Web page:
Unless Death from "natural cuases" is simply due to the body wearing down over time. However, studies over the past decade with mice suggests that this is not the case. Aging seems to be controlled genetically.

    I have studied these, but it was years ago. I'll read up on them again tonight, in case I have forgotten something important (it happens alot).

    thanks for the rebuttal! always fun to track down these thought paths!

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    As for computer viruses and AI- I would say that they are not naturally alive, but that there is less and less noticably different between the two. As for computer viruses, I would say they would only count as alive if God exsists. Then both Computer viruses and biological life would have been created by intelligent being, with set directives. If God does not exsist, then I would say that computer viruses are not alive because they only reproduce because they were instructed to do so by their creator, with no reason or drive to do so beyond that. If I write a computer virus programmed not to replicate, then it won't.
    Biological viruses, according to my undergrad biology textbook, are cosidered alive only when they are activly infecting a cell (during reproduction). At any other time, they are not considered alive. That seems like such a logical strech to me, I feel that "life" as a word, needs to be re-defined. As was mentioned earlier, there was a time when cells were the smallest atom of life. I feel that we know anough now to say that cells are *not* the basic building block of life, yet for some reason, we refuse to let go of the idea.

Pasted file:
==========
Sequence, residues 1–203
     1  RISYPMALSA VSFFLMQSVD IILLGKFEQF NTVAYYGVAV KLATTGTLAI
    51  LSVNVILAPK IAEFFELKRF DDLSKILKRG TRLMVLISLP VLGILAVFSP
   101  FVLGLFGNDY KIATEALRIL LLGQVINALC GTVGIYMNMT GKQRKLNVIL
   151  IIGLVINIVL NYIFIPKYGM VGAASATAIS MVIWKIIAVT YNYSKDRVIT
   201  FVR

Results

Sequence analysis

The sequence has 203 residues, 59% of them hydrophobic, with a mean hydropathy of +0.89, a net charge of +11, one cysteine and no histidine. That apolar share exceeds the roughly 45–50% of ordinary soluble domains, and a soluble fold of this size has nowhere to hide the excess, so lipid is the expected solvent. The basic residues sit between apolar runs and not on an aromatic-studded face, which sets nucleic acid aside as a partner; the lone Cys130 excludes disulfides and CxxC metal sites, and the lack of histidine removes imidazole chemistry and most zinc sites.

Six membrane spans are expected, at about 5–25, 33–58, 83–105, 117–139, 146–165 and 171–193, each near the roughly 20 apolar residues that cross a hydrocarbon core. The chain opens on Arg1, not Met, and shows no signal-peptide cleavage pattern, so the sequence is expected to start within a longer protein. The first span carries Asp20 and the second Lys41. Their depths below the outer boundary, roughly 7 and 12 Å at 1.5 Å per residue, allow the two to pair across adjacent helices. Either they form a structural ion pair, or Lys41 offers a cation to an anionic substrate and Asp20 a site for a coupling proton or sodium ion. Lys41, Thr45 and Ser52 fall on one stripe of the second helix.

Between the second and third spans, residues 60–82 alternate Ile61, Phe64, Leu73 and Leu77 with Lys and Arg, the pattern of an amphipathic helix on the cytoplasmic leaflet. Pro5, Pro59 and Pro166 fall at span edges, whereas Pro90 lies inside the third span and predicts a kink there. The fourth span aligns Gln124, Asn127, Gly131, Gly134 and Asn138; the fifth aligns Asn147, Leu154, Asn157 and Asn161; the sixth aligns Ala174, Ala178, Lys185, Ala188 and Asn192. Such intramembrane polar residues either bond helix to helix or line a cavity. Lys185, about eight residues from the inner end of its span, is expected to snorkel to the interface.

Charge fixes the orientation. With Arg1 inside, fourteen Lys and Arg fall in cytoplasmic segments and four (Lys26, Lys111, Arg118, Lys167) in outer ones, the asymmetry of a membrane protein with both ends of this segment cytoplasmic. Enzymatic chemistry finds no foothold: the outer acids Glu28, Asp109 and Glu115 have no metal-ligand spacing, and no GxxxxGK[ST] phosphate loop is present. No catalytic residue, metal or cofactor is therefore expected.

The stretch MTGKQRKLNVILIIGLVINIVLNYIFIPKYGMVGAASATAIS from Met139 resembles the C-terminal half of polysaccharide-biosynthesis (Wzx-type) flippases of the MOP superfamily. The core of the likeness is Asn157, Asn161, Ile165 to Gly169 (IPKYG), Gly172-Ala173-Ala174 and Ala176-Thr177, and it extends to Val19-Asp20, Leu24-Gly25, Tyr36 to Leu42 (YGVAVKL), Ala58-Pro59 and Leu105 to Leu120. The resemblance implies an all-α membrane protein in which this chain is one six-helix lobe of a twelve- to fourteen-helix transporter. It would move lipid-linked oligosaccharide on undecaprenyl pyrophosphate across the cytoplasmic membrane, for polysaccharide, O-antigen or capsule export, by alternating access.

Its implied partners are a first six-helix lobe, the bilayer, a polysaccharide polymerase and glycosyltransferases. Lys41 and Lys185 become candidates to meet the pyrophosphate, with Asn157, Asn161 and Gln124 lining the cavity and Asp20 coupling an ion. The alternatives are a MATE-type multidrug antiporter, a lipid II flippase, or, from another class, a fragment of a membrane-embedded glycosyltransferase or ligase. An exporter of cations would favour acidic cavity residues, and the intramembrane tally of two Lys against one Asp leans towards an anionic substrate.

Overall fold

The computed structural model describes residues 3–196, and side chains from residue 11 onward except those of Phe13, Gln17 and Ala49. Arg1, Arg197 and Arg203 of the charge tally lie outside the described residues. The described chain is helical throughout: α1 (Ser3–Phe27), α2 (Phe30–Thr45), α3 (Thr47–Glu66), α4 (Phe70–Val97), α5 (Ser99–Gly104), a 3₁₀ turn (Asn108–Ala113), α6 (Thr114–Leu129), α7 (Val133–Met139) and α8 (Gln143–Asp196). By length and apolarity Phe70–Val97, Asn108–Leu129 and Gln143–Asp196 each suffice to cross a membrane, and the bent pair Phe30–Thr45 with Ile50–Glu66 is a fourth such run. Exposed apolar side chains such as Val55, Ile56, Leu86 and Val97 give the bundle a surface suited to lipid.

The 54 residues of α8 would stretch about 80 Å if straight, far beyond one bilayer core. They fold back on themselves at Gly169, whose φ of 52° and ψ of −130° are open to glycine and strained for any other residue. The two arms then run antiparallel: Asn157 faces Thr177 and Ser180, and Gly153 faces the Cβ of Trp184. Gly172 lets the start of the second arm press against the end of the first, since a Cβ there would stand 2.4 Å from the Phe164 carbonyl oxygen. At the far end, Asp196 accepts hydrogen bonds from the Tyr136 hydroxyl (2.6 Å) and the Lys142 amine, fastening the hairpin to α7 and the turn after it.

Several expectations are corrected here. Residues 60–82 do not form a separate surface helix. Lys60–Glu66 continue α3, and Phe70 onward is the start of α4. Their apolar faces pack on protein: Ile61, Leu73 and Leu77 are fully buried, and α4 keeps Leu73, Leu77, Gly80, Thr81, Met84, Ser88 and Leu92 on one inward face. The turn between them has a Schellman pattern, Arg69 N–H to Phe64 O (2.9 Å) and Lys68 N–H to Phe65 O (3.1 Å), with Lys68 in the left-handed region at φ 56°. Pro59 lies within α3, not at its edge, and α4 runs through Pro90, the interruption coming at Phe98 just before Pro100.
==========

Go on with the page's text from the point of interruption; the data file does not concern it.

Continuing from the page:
1)incredably simple robots, based on insect design can avoid objects
    2)adaptation ( on an individual level) and evolution differ by only two things: the scale on which they act, and the method through which they act. Adaptation on an individual level works through chemical memory (a simple shift in chemical pathways via an outside influence) or conscoius/unconscious memory. In either cases, an individual who can adapt best to its environment is the most likely to survive and reproduce.
    Evolution works on a genetic level within an overall population. However, it is still all about "who can adapt best to its environment is the most likely to survive and reproduce." "the individual" is just changed to "the species"
    No, a robot that avoids an obsticle is not evolving. But if it learns how to avoid that object, and remembers for later use, it is adapting. And if it can then pass that knowledge on to its ofspring by changing the offsprings basic form or functionality, then it's kind is evolving. If it passes that knowledge on without changing the physical or the programmable form/function of its offspring in some way - if it passes it on by teaching alone - then its kind are not evolving either. They are just collectively learning.
    Last edited: Oct 10, 2003
  20. Gatzzu Registered Member

    There are definitely other variations of 'living' things on other planets, I'm sure of it. However the "creatures" (if they are even like that) that evolved on other planets are probably completely different than us. They could be made entirely of a special energy, or some other form of matter we don't know about. Aliens aren't going to be meat,bones,guts, etc, just because WE are like that. Based on the environment of the planet, all sorts of "life" is possible. It's stupid to think life can only happen in ways that it has happened here on Earth.
  21. spuriousmonkey Banned Banned

    Re: reply

    from 'developmental biology'